Aug 30 2019
Most people who come to our office seeking an employment lawyer have concerns about the actions of their employer. These concerns involve issues that are wide-reaching: termination, harassment, demotion, discriminatory comments, inequitable salaries. The list goes on.
Despite the wide variety of issues we see, people usually have one thing in common — they don’t really know what to expect when they walk into a lawyer’s office. People typically wonder whether they have any legal claims. And if so, what are their options?
Let’s assume what the employer has done to you is unlawful — that is, actionable under the law. This Employee Rights Blog post is designed to give you an overview of the basics about your options going forward.
“I have an employment problem, and I’m still employed. Do I talk to my employer?”
You may be experiencing ongoing harassment at work, and you haven’t talked to your employer. Or, you may have recently received a negative performance review and you’re not sure what to do. Under some circumstances, it can be a good idea to talk to your supervisor or Human Resources about your perspective and experience. But this prospect can be daunting or downright scary, especially if it is your supervisor who is creating the problem. We can help you figure out what to say (or not say) and give you advice about what to do if you notice “red flags” during the meeting. In addition, we can help you figure out whether it’s better to attend the meeting alone, with a support person from work, or with a lawyer.
“I have just been terminated. What do I do?”
As a background, the word “termination” just means separation from your employment —including, for example, a job elimination, a layoff, or a firing.
It is not uncommon for an employer to give an employee a severance package (also called a separation package) on termination. If this applies to you, you may not be sure whether you should sign it. Severance packages typically have a deadline in which you must sign; do not panic if you feel like the deadline is fast approaching. Counsel can help you decide whether it makes financial and legal sense for you to sign the severance package, reject the severance package, or try to negotiate a better deal.
When we review severance packages, we will sometimes conclude that our client should not sign the agreement. This could be for many different reasons, including because we believe your employer violated your rights.
If you hire us to represent you concerning your severance package and you decide with our advice not to accept the severance package that your employer proposed, there are a few different paths that your situation is likely to take.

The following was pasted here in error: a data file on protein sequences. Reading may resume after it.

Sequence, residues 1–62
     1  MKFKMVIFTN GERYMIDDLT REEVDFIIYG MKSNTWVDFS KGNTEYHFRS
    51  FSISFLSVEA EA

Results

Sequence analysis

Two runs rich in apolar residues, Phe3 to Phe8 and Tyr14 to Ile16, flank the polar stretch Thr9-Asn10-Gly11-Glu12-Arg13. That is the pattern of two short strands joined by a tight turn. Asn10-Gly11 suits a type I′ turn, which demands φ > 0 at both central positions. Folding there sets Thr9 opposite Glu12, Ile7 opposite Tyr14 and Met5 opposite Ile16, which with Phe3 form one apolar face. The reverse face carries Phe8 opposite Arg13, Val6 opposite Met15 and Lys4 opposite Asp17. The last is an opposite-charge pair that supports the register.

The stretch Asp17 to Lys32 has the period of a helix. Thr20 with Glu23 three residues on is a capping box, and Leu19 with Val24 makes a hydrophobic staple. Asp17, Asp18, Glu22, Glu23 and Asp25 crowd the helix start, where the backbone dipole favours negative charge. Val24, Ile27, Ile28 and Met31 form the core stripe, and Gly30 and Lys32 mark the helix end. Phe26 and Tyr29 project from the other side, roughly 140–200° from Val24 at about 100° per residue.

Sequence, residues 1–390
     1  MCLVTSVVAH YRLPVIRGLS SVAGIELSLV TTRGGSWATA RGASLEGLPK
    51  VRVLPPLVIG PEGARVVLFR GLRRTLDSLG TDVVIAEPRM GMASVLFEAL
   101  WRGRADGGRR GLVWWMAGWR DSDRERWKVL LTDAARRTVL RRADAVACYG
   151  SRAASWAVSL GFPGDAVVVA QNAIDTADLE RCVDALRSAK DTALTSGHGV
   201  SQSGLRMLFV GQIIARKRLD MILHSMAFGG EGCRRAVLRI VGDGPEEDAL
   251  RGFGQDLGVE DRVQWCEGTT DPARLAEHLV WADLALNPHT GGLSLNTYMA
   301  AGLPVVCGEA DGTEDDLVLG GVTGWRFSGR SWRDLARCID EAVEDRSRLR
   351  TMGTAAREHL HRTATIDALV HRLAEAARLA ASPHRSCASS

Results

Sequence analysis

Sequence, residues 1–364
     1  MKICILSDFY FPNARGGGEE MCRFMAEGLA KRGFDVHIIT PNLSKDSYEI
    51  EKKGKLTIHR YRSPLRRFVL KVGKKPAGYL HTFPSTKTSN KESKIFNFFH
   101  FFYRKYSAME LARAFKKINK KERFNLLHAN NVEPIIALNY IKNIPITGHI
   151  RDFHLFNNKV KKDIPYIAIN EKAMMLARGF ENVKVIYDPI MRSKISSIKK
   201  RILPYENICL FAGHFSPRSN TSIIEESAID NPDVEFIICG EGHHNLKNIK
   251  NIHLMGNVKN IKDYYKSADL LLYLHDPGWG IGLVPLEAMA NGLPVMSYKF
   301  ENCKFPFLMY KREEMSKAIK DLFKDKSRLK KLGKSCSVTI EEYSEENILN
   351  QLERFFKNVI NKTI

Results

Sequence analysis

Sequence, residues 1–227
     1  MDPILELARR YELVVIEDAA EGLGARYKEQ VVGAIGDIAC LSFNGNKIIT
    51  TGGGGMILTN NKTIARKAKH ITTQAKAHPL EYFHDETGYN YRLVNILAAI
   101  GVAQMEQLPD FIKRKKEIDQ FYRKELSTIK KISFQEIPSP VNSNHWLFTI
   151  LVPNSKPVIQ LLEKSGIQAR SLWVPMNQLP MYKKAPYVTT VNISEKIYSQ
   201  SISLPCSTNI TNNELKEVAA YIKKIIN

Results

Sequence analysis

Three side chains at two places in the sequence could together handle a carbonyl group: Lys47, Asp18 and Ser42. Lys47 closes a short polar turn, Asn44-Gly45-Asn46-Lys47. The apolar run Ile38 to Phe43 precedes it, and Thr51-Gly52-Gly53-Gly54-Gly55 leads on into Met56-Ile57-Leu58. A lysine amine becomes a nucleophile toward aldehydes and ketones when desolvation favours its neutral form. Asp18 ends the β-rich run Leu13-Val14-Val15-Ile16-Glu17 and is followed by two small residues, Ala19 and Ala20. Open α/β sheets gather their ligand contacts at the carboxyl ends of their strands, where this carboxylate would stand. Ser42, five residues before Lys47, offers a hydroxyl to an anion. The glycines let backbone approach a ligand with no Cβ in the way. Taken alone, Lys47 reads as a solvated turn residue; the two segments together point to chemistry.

Path A: Direct negotiations. We will often communicate directly with in-house counsel or the employer’s retained outside counsel to attempt to negotiate a better deal for you. This process usually starts with a letter and ends with a series of telephone calls. Employers and employees are often able to make deals with the two lawyers talking directly to one another, and that can be an excellent outcome if you feel the severance package that is ultimately negotiated is fair.
Path B: Private Mediation. If you and your former employer are far apart in your negotiating positions, or if direct negotiations are unsuccessful for some other reason, the parties will sometimes hire a mediator to assist them in trying to resolve the dispute. A mediator is a neutral person who is not involved in the dispute — often a retired judge or a very experienced employment lawyer — who is trained to hear both sides of a case and, as a neutral party, facilitate the parties’ arrival at a middle ground. Mediations give both parties the “opportunity to be heard” and to learn about the strengths and weaknesses of their position from the perspective of a third-party neutral. While there are often costs associated with mediation, we often suggest this process because it is highly effective and, on balance, cost- and time-efficient.
Path C: Litigation or arbitration. If mediation does not result in a settlement or if it appears as if the two parties are too far apart to reach an agreement at an early stage, our client may choose to initiate a formal claim against the employer. Depending on the type of case, the employee may be required to first bring the claim to an agency such as the Equal Employment Opportunity Commission (EEOC) or, in Connecticut, the Commission on Human Rights and Opportunities (CHRO). After the agency process, you can then file your case in federal or state court, or, if you are subject to an arbitration agreement, in arbitration.
Litigation in employment cases is often complex, so it requires a more detailed explanation at another time. While most employment cases settle at some point before trial, the entire life cycle of the case — from filing with the agency to the end of trial — could last for two years, sometimes even more.
Remember that litigation does not foreclose your ability to participate in negotiation or mediation. We frequently settle cases through direct negotiations or through mediation even after litigation has begun. But it is important to be realistic about the time and energy it takes to litigate a case, and you should begin the process with eyes wide open.
At the end of the day, you are the client, so you are in the driver’s seat. But the road can be windy, and it is our job to help you navigate. If you want to explore your options, we at Garrison, Levin-Epstein, Fitzgerald & Pirrotti, P.C. are ready to meet with you. Contact us to discuss the options that are best for you.